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Naomi Bloom

Jim, excellent thoughts here. And applicable across the HRM domain's technology-enablement. I would add to this the type of active reports that we're seeing with Meta4 and Workday (examples only -- no endorsement intended) as well as the type of embedded intelligence that deduces what further information, however presented, would be helpful to the user because of what they are trying to do, e.g. providing a comparison of hospital outcomes to someone during open enrollment who is trying to decide between two HMOs for which they are otherwise eligible. Naomi

Peter Brasket

Jim - looming behind the reporting issue is the actual tracking problem -- how many enterprises can actually auto-tag applicants by source, and thus do cost-per-hire analysis by their talent sources (individual job boards, SEM, SEO, etc.)?

To earn "completeness of vision" status I'd suggest the ATS-component of an HCM offering must provide clients the ability to auto-tag applicants by both primary source (i.e. Careerbulder) and preferably by secondary source (i.e. Google, along with the initial search string).

Provide better reporting, but auto-track the important stuff.

Ronald Kreugel

Good thoughts and certainly valid arguments. I hope that technology providers will include more Web2.0 functionality and improve usability of their systems. This will lead to more user acceptance and improvement is always good.

At the end it will be a question of cost to build in that extra functionality and the ROI for the users investing in the technology. Most providers already deliver standard reports based on best practices and FARC (=frequently asked report criteria).

Peronally I believe in a (limited) number of standard reports for basic users and leave customized and ad-hoc reporting up to a super user or reporting specialist. The reporting specialist will be more effective to find results quickly as he/she will make reports regularly, whereas basic users will do it more ad-hoc.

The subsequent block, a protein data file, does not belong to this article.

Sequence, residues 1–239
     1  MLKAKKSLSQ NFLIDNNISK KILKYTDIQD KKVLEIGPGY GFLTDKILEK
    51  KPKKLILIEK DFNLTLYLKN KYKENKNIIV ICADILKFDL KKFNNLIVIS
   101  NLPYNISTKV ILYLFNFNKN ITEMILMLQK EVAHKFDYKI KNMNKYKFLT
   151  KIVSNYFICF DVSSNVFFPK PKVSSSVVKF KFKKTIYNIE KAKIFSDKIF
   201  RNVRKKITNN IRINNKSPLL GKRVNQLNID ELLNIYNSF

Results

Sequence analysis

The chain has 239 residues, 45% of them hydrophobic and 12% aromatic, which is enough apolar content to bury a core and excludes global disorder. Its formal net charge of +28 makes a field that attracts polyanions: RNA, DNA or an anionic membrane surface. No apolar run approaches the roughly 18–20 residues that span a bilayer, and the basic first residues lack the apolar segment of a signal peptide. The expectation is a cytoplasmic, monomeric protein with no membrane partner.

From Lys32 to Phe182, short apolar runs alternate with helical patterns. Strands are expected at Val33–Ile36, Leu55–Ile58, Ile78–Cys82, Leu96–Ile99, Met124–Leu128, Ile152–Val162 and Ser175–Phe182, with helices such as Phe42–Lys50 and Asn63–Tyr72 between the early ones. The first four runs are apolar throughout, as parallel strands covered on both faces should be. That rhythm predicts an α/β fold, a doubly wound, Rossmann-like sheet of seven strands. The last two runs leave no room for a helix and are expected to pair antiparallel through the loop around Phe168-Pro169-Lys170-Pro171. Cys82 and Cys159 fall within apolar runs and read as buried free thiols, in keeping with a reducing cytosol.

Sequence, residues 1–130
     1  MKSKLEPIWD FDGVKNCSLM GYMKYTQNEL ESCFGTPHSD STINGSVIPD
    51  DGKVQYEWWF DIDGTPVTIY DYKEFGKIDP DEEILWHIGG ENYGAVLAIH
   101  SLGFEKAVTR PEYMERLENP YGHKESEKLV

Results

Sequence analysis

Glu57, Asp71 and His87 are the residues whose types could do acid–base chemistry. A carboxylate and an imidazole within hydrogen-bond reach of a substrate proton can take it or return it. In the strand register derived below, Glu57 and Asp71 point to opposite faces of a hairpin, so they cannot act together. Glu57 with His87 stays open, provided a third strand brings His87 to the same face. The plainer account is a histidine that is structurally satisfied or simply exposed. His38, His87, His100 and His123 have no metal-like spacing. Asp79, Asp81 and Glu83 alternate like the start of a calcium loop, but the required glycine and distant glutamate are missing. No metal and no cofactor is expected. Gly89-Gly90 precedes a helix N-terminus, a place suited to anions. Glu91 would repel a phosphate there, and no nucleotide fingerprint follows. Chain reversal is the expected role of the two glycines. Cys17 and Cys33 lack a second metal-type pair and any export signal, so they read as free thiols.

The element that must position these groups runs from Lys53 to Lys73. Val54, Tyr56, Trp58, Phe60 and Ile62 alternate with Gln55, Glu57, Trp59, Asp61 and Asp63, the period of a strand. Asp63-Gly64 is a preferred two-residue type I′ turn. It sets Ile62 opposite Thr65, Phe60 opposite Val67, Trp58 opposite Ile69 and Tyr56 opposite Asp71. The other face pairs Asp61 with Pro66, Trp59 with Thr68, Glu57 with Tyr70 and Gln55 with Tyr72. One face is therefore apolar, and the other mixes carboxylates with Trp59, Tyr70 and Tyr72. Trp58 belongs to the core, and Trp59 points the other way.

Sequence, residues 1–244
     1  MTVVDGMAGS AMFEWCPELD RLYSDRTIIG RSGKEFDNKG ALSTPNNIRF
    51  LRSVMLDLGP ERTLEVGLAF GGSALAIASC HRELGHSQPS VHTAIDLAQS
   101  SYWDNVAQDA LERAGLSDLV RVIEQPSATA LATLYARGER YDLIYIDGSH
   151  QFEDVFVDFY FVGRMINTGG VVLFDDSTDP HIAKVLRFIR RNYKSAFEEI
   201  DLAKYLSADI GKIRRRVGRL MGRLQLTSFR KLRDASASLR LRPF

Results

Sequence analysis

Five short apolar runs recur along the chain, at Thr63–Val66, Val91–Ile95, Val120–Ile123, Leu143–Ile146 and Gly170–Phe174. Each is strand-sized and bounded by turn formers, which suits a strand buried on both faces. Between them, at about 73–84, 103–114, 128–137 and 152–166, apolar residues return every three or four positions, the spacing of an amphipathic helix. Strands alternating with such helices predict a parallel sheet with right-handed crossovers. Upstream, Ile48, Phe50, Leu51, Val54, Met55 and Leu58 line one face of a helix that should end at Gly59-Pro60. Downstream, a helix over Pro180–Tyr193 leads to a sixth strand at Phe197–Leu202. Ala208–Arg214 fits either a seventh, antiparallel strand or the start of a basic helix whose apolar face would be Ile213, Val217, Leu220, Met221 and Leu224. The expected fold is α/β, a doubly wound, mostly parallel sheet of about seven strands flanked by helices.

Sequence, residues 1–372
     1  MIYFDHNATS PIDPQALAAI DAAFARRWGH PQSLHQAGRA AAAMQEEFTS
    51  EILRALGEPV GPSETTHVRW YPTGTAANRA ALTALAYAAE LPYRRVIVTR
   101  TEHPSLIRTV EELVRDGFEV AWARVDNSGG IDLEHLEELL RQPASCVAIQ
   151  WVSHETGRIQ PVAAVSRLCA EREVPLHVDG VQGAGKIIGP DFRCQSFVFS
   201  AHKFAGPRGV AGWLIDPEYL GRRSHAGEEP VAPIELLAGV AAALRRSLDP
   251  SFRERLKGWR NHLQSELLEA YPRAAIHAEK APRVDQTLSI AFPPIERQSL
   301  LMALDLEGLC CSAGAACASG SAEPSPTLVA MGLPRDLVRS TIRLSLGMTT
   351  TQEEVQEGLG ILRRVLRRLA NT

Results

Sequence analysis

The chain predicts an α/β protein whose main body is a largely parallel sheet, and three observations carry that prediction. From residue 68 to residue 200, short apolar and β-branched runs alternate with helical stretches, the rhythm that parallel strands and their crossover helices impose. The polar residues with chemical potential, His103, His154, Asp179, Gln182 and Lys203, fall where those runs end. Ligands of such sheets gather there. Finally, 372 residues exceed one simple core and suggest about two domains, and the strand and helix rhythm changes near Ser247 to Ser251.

A search on Google can be simple and quick if you use the "I'm feeling lucky"-button and know exactly what you are looking for. Not all users have the experience or skill to define the best or most accurate search criteria. This might influence the search results and eventually lead to comparing apples and oranges.


Great comments from everyone. This problem exists primarily because HR doesn't know what to measure and the data is so dispersed. As an example, the real question on evaluating staffing sources is which ones identify the best employees - measured by time to productivity, new hire turnover, 3 year performance averages, average LOS, % that are identified as high potentials, etc - in the short and long run, and then look at the cost and time elements and work effectively with your best sources to drive time and cost down. No one can do this analysis because the data relative to the hiring proces and new hire/employee quality are not integrated. Until HR leaders realize that their ERP/HRMS applications and their talent management applications cannot drive true talent measurement they will never have insight into the business impacts of talent management and workforce productivity. They need an independant platform with strong content, where people-related data and nonHR KPIs are integrated and real decision support information is pushed out to HR and line users. They can do this with installed products or ASP/OnDemand. And they need to so this now.

Scott A. LaFata

Jim, my cut on it is that as companies morph their recruiting and hiring practices away from the standard resume submission online - and may I add - 1990's style technology (Meta4, PeopleSoft and Oracle) based talent management systems looking for keywords and resume details - and look for more advanced means to recruit, train, and mentor - and look at true talent and other human traits such as "workstyle" as qualification - more of our clients look to very customized use of BI away from current vendor capability for their needs. One must wonder if artificial intelligence based on exponential factors would be a superior means to " B.I. - defined factors without learning" in the coming years.

Amit Avasthi

Jim, i think you have a very valid point. It would be really nice to reform reporting. I linked your post to my post here (http://amitavasthi.blogspot.com/2008/04/i-got-interested-in-this-very-nicely.html) and looked at it from the customer side. Would look forward to your comments.

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